- Telecommunications Giant Vodafone Leaves the Libra Association
- Group of Central Banks Assesses Developing Central Bank Digital Currencies
- South Korea Might Impose 20 Percent Tax on Cryptocurrency Profits
- Report: Terrorists Increasingly Use Crypto to Raise Funds Anonymously
- Canadian Securities Administrators Subject Crypto Exchanges to Securities Laws
On December 1st, Vitalik Buterin, co-founder of the second-largest cryptocurrency Ethereum (ETH)trade and Bitcoin magazine, tweeted a link to a blog post that promotes a petition to free the programmer Virgil Griffith, who is accused of assisting North Korea bypass U.S.-imposed sanctions.
In the tweet, Buterin states that he believes throwing Griffith under the bus would be wrong, and he further elaborates his reasoning for doing so.
Buterin begins defending Griffith by stating that he is friend so there’s bound to be a conflict of interest. He further adds that the trip to North Korea was Griffith’s personal choice and had nothing to do with the Ethereum Foundation, and that the Ethereum Foundation neither paid for the trip nor offered any assistance.
He initiates his reasoning by commending Griffith’s geopolitical open-mindedness, claiming that it is admirable for him to have interacted with a group of people, referring to North Koreans, who have been constantly painted as an evil enemy, and attempted to understand what they have to say. Buterin says that the world would be a better place if more people across the globe adopted that kind of a mindset.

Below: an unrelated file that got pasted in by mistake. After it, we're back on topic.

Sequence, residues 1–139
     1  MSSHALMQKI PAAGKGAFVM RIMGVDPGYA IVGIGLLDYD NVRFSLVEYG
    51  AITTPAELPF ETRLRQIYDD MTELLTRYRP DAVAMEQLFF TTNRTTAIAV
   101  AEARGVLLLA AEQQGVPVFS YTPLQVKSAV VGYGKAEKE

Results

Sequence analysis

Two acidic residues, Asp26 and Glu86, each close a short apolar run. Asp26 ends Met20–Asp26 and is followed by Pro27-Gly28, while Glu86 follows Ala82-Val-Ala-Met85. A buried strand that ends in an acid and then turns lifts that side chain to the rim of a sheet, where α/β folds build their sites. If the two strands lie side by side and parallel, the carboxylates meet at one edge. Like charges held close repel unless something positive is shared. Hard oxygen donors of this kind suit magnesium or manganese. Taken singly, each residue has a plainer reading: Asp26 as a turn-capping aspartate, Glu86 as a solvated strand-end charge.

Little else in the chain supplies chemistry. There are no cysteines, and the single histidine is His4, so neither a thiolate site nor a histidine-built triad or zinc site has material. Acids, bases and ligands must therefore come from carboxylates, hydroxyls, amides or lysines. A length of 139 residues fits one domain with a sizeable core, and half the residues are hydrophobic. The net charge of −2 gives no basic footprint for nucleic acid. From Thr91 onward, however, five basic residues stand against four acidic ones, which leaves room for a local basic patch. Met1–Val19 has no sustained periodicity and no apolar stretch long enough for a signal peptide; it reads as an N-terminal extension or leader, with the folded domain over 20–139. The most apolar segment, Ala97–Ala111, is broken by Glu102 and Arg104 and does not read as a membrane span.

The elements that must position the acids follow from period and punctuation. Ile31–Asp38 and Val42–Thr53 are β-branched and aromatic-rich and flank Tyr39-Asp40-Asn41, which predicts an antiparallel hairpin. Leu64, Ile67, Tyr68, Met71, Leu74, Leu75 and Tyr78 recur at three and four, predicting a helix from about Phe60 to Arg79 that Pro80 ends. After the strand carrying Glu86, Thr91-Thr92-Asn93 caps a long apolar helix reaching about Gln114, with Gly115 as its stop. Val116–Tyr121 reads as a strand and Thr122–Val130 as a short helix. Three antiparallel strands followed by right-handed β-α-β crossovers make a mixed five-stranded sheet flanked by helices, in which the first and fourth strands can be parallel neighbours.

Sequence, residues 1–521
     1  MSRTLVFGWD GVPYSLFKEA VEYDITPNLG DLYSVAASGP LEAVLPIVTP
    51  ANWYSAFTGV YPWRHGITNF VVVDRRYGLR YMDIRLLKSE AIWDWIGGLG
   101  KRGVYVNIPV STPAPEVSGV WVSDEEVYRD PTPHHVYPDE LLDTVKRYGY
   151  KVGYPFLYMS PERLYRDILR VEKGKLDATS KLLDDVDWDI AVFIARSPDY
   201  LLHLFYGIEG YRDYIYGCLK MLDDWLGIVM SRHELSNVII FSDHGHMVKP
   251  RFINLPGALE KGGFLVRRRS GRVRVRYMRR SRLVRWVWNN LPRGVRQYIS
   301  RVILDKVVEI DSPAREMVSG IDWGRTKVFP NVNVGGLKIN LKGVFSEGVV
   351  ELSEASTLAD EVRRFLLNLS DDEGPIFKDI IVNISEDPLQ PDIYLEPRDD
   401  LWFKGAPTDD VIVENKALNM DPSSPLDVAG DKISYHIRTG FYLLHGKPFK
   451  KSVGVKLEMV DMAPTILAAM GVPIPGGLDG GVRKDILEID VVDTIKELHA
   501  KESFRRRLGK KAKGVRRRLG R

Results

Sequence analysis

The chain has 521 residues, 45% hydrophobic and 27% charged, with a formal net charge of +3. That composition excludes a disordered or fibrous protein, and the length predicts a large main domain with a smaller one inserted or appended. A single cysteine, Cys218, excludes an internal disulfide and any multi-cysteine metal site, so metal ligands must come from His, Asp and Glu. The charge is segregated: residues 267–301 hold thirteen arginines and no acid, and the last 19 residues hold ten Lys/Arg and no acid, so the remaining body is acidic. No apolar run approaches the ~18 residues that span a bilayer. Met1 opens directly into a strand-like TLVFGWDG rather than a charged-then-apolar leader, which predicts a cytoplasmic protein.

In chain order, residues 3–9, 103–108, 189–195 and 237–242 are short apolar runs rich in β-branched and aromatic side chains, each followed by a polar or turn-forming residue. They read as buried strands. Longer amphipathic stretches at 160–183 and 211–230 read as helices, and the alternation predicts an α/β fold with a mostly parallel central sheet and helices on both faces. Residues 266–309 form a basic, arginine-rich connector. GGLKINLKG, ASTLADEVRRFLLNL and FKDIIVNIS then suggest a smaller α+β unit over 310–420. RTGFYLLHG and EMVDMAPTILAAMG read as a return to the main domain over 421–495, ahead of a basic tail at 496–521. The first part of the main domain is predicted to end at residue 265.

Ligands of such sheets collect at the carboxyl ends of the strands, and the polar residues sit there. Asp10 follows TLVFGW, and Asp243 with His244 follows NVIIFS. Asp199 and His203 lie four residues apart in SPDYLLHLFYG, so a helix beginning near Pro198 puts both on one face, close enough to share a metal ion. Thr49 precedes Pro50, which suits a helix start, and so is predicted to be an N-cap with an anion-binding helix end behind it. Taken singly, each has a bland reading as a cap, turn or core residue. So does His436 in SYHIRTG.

He adds that such open-mindedness has proven beneficial in other areas of his work as well, citing the examples of improved relation with Ethereum Classic and Hyperledger. He acknowledged that these were less intense than the current North Korea issue, but reinforces the validity of the point, nevertheless.
Publicly Available Crypto Information and Open Source Software
Vitalik Buterin believes that Griffith did not do anything objectionable, as he simply delivered a presentation to the Democratic People’s Republic of Korea (DPRK) based on information that is publicly available regarding open-source software; hence, he did not aid nor partook in any malicious activity. He further adds that if that had been the case, he would have protested against it strongly.
He concludes the Twitter thread by saying that Griffith did not benefit personally from this trip and he hopes that the United States focuses on real damaging corruption that engulfs it and other countries rather than targeting a programmer for delivering speeches based on pre-existing public knowledge.
He tweeted the link to a Medium post by Enrico Talin, titled ‘Let’s start a petition to free Virgil Griffith.’ The post contains a link to a change.org petition for the cause. Talin, the founder and CEO of commerc.io, shared his personal recollections and anecdotes of Griffith and labelled him as a “man of peace.”
Talin states that he thinks the US Government is wrong about Griffith and asked rhetorically the question whether or not freedom of speech is limited when we talk publicly about blockchain. He concludes the post by asking readers to do the right thing.